If you've ever been to Newark, New Jersey you will notice one thing very quickly-- this community cares about each other. Over the past four months, 400 middle school students have gotten the chance to experience the impact of a community that cares about their success. Thanks to volunteer "Citizen Teachers" from community organizations and corporations, these students have transformed into solar engineers, esteemed bloggers, and masters in martial arts through the Citizen Schools apprenticeship program. With guidance from these experts who come from all walks of life, they've gained real-world knowledge and built skills necessary to succeed in a 21st century workplace. On June 15, 2013 the young men of  Eagle Academy showed off what they learned during their apprenticeship classes at a community-wide celebration. These students took guests down their path to discovery as they presented their final products and presentations. Here is a peek at a few of the featured apprenticeships...

6 degrees photo1. Six Degrees with Prudential Black Leadership Forum

Networking can lead to big opportunities--even for 6th graders! Every week a group of students headed down to the Prudential building to meet with volunteers from the Black Leadership Forum, which is a business resource group within the company dedicated to professional development of its black employees.  The volunteers made deep personal connections with the students, showing them how to present themselves professionally and confidently. After ten weeks, these students have big dreams and they are "six degrees" closer to achieving them.

Jared Noll, Citizen Schools Teaching Fellow said, "Our students have really grown over the last ten weeks in our Six Degrees apprenticeship. Many of them have already established career goals and began making connections with professionals to further those goals. I look forward to partnering up with Prudential again next year and seeing how much further we can push our students! Good job, Eagles!"

Larry w- Astronaut Charlie Camarda2. Solar Cars with Endomedix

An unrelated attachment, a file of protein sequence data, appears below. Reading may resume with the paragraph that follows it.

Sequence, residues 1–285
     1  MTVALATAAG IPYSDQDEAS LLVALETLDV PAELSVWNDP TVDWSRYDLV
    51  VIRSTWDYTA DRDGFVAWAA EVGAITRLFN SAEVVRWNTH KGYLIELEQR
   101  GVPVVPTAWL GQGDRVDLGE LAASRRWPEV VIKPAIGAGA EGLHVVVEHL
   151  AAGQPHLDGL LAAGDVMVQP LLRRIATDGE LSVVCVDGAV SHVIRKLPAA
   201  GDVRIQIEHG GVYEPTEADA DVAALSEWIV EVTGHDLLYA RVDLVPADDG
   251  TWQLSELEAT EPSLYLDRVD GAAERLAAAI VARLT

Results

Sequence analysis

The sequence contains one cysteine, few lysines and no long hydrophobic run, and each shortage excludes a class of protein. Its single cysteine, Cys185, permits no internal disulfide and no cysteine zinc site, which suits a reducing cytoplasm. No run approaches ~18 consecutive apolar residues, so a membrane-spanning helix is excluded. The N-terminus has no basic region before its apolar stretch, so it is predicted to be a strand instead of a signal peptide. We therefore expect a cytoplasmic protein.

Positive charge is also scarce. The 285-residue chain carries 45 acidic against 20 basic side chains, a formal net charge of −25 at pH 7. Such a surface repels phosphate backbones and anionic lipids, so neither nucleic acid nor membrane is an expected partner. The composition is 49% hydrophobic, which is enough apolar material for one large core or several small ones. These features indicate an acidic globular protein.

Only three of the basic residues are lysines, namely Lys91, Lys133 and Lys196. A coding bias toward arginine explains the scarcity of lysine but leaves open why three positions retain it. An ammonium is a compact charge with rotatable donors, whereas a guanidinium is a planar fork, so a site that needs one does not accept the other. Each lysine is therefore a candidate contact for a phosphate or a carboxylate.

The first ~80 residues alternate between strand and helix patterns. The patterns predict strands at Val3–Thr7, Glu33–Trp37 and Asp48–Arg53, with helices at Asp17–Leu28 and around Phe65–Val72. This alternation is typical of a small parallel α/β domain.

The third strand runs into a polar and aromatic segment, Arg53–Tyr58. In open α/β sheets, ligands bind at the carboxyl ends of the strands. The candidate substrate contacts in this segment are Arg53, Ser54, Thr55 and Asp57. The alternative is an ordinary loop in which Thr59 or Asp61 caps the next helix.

Piyush Modak, a Laboratory Engineer at the medical technology company Endomedix, made science come to life for students as they learned how to build real solar cars. The students had the unique opportunity to present their cars at the New York Academy of Sciences to a room full of scientists, engineers and even NASA Astronaut Charlie Camarda, who has been into outer space and back. They even had a special visit from the CEO of the company who shared brand new technologies that are being used in operating rooms to help save lives.

Piyush said, "It was an amazing opportunity. To be able to share my passion for science and engineering and critical thinking with the kids was an unparalleled experience. Some days I struggled and on some I triumphed, but seeing the kids apply their minds to create "something out of nothing" was truly rewarding. I made them think."

Martial Arts - Eagle3. H.E.A.R.T Martial Arts with Sensei Jim 

Sensei Jim has been a member of the Citizen Schools family since 2009, bringing his love of martial arts to students in Newark. Over the past several years he has taught 20 apprenticeships! Twice a week, students not only learn the discipline of martial arts, but also learn the value of giving back to the community by writing letters to the elderly in nursing homes, cleaning the local Jesse Allen Park, and making pet toys for a local animal shelter.

Sensei Jim said, "A friend was speaking to a colleague about me and the H.E.A.R.T. Martial Arts program and how I teach the students for free. His colleague's response was, 'Your friend is a rich man!' His colleague is right, I have many golden moments over the years where the students have made me so proud. The joy of teaching and the experiences that Citizen Schools has afforded me cannot be measured in a monetary sense."

The students of these three apprenticeship classes and more truly WOWed the crowd as guests witnessed the magic of bringing schools and communities together to impact the lives of students.

 

Greatness From Where You Least Expect It

Oscar Robles is the Manager of Civic Engagement for Citizen Schools New Jersey. Marcus was not the student I imagined would shine in the Spoken Word class I taught last fall at Eagle Academy for Young Men in Newark, New Jersey. He never showed any initiative or particular interest in the subject matter. He never raised his hand to answer questions or volunteered to read any of his poems in front of the class. I was absolutely amazed by what happened ten weeks after I met him...

As a staff member for Citizen Schools, I recruit volunteer "Citizen Teachers" to teach apprenticeship classes to middle school students about what they do professsionally or a topic they are passionate about. Last fall, I decided to step into their shoes and teach my own apprenticeship class. As a creative writing major in college and a self-proclaimed poet, I decided to teach my passion and share my love of writing and poetry with a group of students at Eagle Academy once a week for ten afternoon sessions.

Oscar Robles & Spoken Word Students

At the end of the ten weeks, a final presentation was scheduled to take place at the school. This "WOW!" event is a chance for the kids to teach back what they learned during the semester. When I got there to practice with the kids, they were anxious, but excited.